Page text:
Science

Germany's achievements in sciences have been significant and research and development efforts form an integral part of the country's economy. Germany has been the home of some of the most prominent researchers in various scientific fields.[116]

The Nobel Prize has been awarded to 103 German laureates.[117] For most of the 20th century, German laureates had more awards than those of any other nation, especially in the sciences (i.e., physics, chemistry, and physiology or medicine).[118][119]

The work of Albert Einstein and Max Planck was crucial to the foundation of modern physics, which Werner Heisenberg and Max Born developed further.[120] They were preceded by physicists such as Hermann von Helmholtz, Joseph von Fraunhofer, and Daniel Gabriel Fahrenheit. Wilhelm Conrad Röntgen discovered X-rays, which are called Röntgenstrahlen (Röntgen-rays) in German and many other languages. This accomplishment made him the first winner of the Nobel Prize in Physics in 1901.[121] Numerous significant mathematicians were born in Germany, including Carl Friedrich Gauss, David Hilbert, Bernhard Riemann, Gottfried Leibniz, Karl Weierstrass and Hermann Weyl.

Important research institutions in Germany are the Max Planck Society, the Helmholtz Association and the Fraunhofer Society. They are independently or externally connected to the university system and contribute to a considerable extent to the scientific output. The prestigious Gottfried Wilhelm Leibniz Prize is granted to ten scientists and academics every year. With a maximum of €2.5 million per award it is one of highest endowed research prizes in the world.[122]

Culture

Germany is historically called Das Land der Dichter und Denker (the land of poets and thinkers).[123] German culture began long before the rise of Germany as a nation-state and spanned the entire German-speaking world. From its roots, culture in Germany has been shaped by major intellectual and popular currents in Europe, both religious and secular. Consequently, it is difficult to identify a specific German tradition separated from the larger framework of European high culture.[124] As another result of these circumstances, some historical figures, such as Wolfgang Amadeus Mozart, Franz Kafka, and Paul Celan, though not citizens of Germany in the modern sense, have to be viewed in the context of German culture, in order to understand their historical situation, work and social relations.[125]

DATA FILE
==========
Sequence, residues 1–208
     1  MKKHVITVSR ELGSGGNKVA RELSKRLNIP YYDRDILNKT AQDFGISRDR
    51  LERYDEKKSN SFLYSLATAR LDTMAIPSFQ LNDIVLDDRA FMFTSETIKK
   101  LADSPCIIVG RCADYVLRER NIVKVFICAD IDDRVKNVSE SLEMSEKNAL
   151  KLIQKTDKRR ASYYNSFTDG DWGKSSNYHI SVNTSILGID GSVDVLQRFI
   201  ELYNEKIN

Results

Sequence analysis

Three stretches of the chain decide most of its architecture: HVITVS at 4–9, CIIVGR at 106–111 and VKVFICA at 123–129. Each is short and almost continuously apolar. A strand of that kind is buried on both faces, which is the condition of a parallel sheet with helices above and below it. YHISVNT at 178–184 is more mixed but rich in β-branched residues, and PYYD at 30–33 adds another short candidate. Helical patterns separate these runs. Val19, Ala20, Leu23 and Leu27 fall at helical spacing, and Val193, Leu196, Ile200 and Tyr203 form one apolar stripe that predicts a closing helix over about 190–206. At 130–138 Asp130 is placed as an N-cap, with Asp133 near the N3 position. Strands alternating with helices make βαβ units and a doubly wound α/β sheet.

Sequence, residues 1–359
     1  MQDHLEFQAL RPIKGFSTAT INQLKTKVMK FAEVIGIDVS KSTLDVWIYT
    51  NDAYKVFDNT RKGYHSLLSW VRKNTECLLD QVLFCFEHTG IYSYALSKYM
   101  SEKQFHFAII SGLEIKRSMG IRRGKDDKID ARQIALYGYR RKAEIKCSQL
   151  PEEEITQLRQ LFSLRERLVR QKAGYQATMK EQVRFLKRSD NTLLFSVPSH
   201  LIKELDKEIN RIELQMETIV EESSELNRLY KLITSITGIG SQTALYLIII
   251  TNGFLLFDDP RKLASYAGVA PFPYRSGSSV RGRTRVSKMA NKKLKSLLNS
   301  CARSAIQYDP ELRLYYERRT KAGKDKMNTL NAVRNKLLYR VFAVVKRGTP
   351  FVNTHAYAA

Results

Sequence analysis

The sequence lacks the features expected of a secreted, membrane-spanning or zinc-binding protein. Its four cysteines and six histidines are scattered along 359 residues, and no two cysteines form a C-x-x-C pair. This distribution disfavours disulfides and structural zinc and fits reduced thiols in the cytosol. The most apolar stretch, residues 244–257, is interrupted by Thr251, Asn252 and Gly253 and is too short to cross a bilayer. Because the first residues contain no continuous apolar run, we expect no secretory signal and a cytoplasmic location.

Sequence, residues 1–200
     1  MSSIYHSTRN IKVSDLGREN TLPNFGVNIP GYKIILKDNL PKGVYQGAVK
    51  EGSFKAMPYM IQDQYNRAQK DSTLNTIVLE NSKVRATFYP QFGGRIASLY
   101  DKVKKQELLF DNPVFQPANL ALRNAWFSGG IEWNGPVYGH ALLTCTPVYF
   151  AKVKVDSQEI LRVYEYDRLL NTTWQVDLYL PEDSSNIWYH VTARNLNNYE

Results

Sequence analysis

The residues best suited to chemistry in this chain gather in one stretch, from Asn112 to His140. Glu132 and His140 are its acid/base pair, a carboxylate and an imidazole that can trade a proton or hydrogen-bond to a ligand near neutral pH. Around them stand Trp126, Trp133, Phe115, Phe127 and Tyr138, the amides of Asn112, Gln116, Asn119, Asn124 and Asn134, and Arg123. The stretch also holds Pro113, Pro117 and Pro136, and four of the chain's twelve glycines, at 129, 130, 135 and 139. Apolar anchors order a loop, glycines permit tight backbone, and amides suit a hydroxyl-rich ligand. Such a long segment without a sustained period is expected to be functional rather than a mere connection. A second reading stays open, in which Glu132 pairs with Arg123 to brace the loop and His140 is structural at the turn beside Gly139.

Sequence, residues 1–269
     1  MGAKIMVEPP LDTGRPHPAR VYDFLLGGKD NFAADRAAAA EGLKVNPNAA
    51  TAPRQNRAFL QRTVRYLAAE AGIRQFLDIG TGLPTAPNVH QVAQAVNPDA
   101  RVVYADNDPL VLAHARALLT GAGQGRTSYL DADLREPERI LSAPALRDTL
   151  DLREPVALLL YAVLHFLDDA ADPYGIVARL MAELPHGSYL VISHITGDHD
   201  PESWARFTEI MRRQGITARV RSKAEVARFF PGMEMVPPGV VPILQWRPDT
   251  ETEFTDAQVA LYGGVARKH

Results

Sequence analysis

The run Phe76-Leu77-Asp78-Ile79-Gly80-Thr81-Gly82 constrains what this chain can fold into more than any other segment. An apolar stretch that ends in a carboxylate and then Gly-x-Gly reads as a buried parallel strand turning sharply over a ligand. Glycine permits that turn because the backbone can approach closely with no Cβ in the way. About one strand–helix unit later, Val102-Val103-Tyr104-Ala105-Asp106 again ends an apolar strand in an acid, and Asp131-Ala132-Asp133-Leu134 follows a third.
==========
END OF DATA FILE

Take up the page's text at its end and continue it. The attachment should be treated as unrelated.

In Germany, the Federal States are in charge of the cultural institutions. There are 240 subsidised theatres, hundreds of symphonic orchestras, thousands of museums and over 25,000 libraries spread over the 16 states. These cultural opportunities are enjoyed by many millions: there are over 91 million German museum visits every year; annually, 20 million go to theatres and operas; while 3.6 million listen to the great symphonic orchestras.[126]

Berlin is a centre of arts, nightlife, music, architecture and festivals

The UNESCO inscribed 33 properties in Germany on the World Heritage List.[127]

Numerous German painters have enjoyed international prestige through their work in diverse artistic styles. Hans Holbein the Younger, Matthias Grünewald, and Albrecht Dürer were important artists of the Renaissance, Caspar David Friedrich of Romanticism, and Max Ernst of Surrealism. Architectural contributions from Germany include the Carolingian and Ottonian styles, which were important precursors of Romanesque. The region later became the site of significant works in styles such as Gothic, Renaissance and Baroque. Germany was particularly important in the early modern movement, especially through the Bauhaus movement founded by Walter Gropius. Ludwig Mies van der Rohe, also from Germany, became one of the world's most renowned architects in the second half of the 20th century. The glass façade skyscraper was his idea.[128]